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New technologies allow students to keep learning during the lockdown

Laude San Pedro International College's online platform.
Laude San Pedro International College's online platform. / San Pedro Intl College
  • Since schools closed due to the coronavirus crisis, pupils have been engaging with their teachers via virtual platforms, as on-site lessons are replaced by online tuition

Public and private education centres across the province have all had to adapt almost overnight to the coronavirus emergency.

There are 338,765 pupils in public primary and secondary education across the province, along with 22,575 teachers; they teach and learn at 1,213 public and subsidised schools. Add to that more than 35,000 students at the university or Malaga, as well as thousands more pupils and teachers in private schools and colleges.

Across the sector, teachers and other education professionals have adopted methods and learned how to use online technologies to continue to teach their students.

Schools are using online platforms such as Google Classrooms to upload exercises for their students in an attempt to keep up with the curriculum and some are even providing online classes thanks to video conferencing facilities like Skype and Zoom.

Joanne Murray, a secondary school English teacher in Malaga said, "Education was already heading towards a more technologically based approach but it is still generally lacking in schools." She explained that she and her colleagues spent "all weekend" setting up classes for the start of the school week.

This was also the case for many of the international schools on the Costa del Sol. However, as a number of them, including The British School of Malaga and Laude San Pedro International College, belong to international groups, they were able to learn from the experiences of sister schools in China and Italy, which had already closed. "As there were already alarm bells ringing we were able to come up with an emergency plan for our schools in Spain," explained Nick Campbell, Director of Education at ISP Europe, to which the two schools belong.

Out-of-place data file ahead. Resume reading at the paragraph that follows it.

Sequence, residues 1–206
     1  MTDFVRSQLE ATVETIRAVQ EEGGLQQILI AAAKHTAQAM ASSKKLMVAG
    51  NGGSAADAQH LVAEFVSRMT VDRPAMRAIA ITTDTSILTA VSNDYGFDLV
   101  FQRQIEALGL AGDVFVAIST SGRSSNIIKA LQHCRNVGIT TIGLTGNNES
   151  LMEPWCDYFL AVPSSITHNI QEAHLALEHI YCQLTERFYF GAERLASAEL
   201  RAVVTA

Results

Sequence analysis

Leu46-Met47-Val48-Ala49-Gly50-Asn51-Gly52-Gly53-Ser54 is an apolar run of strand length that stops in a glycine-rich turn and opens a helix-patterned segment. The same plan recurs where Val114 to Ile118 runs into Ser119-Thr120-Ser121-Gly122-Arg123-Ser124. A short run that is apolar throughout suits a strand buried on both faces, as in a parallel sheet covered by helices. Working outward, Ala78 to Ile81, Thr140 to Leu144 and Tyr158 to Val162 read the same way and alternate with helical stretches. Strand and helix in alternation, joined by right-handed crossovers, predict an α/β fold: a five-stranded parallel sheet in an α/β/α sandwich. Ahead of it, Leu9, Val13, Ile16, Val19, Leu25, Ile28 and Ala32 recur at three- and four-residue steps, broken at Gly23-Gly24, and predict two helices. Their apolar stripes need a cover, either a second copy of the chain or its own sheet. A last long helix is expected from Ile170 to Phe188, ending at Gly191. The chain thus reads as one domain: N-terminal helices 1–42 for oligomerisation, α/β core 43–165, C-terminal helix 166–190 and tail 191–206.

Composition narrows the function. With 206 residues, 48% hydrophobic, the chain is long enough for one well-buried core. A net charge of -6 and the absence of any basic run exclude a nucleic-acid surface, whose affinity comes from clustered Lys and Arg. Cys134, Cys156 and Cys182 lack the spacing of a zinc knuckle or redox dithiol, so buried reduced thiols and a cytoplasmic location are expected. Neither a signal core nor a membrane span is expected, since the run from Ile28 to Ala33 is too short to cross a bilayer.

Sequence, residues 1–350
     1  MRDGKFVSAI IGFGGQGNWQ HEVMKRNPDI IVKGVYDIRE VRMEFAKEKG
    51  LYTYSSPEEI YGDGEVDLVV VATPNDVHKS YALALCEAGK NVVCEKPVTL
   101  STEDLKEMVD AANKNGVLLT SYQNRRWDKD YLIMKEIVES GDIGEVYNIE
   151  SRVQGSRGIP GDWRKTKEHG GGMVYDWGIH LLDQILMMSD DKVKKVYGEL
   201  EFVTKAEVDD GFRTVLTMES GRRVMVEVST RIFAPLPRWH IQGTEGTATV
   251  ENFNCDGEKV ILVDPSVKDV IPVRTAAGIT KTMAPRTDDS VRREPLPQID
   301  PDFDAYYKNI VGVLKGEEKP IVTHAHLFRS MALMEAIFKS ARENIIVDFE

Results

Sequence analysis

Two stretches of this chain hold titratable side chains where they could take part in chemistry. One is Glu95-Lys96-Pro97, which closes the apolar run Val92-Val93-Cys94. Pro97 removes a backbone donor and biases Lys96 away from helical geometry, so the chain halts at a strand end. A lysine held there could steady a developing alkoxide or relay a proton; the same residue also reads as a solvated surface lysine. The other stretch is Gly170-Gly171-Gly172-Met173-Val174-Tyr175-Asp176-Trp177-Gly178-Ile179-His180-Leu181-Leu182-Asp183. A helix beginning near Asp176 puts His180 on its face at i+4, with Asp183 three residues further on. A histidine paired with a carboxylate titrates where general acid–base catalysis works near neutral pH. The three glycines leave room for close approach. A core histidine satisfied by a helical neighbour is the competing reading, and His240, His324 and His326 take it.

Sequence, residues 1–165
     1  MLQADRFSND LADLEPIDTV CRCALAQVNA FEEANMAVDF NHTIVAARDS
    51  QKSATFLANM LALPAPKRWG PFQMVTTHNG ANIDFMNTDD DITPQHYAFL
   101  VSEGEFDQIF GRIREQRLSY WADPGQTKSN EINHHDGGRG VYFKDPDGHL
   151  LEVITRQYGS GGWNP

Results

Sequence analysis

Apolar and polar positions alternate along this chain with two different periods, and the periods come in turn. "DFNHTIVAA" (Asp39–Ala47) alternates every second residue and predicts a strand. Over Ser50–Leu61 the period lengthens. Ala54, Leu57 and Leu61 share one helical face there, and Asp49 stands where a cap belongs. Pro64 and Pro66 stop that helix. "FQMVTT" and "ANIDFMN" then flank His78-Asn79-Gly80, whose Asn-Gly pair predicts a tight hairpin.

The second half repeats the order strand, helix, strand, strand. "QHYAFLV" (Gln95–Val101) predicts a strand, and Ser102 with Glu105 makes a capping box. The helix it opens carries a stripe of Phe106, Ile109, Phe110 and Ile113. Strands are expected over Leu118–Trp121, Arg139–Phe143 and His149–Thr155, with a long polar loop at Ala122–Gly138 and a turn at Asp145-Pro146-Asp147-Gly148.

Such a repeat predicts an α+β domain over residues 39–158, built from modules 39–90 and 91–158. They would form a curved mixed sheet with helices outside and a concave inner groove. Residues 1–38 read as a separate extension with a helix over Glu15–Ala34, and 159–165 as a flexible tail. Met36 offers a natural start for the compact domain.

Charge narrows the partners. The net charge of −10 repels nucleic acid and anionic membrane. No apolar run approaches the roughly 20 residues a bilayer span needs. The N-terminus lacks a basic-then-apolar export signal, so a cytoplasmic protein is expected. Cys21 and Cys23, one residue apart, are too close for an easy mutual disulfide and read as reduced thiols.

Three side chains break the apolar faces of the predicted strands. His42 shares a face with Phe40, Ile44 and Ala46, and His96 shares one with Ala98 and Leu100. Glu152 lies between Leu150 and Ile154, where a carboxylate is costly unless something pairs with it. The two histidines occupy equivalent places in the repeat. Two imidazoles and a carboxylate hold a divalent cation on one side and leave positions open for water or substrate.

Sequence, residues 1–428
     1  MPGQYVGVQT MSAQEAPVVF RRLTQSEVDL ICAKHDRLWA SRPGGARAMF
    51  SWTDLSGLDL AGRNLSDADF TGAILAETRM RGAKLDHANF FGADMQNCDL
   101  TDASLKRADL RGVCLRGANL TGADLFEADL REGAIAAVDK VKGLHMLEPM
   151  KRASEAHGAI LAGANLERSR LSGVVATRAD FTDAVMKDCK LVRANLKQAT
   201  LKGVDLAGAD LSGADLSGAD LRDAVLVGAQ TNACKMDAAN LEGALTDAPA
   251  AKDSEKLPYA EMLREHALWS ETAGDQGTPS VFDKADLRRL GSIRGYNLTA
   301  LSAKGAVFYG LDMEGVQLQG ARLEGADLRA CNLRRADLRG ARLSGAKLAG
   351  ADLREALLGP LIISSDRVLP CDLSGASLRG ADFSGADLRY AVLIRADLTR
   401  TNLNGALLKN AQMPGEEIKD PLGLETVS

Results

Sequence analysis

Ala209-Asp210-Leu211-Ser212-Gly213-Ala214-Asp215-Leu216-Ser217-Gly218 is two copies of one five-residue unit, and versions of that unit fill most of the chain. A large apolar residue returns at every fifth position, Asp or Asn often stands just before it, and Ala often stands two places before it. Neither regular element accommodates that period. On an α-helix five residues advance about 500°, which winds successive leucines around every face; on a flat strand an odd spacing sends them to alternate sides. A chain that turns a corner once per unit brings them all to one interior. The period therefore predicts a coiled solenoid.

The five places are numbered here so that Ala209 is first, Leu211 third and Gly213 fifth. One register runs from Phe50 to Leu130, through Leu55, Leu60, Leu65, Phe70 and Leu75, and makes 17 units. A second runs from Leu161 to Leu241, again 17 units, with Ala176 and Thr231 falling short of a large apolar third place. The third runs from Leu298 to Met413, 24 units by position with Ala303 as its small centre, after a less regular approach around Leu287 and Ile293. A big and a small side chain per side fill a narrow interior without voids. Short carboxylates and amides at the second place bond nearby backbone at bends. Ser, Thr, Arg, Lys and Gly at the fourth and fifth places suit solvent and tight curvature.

Principal of Laude San Pedro, Amanda Hughes, said in a statement that thanks to the virtual platform "the whole school is taking part in a complete daily timetable".

It is a similar picture at the Sotogrande International School, which also belongs to an international group and is able to "learn lessons" from other schools. Students there are also continuing with regular school hours, albeit online.

Director of The International School Estepona, Gillian Godbold, also reported on her school's preparations, "Our team have been working round the clock to be ready for 16 March and we went live at 9.30am as planned. Children from Year one to Year six can continue their studies remotely."

Malaga's Lycée Français has also adopted similar measures; teacher Rory O'Meara said it was "business as usual" but via the web.

With the demand for English qualifications high in Spain, private language academies have proliferated in recent years. The sector has also had to adapt rapidly to demonstrate to their students that online classes are a good substitute for on-site lessons.

Cofounder of Malaga's Babel language school, Angie Abá, explained that as a the lockdown looked more likely, she had to "think quickly" about how to manage the closure of three physical sites but continue to give classes online.

Joanna Firth of Atlántico in Rincón de la Victoria explained that the academy contacted all of their students individually to "make sure" that students could access the classes.

Although teachers have been keen to point out that it is early days, Fiona Dunbar, director of the ELI school said she has been "impressed" at how well students have adapted to the new way of working. Classes at FGUMA, the university of Malaga's general foundation, of which the Cambridge university exams forms part, have also been taking place online.

Embracing the new technologies has been both a fast-learning curve as well as an opportunity to discover new ways of working. However, as many teachers have experienced, not everyone has easy access to the internet or computers.

The education sector is facing a rapidly changing situation and the long-term effects are yet to be felt, but for now it's business as usual, online.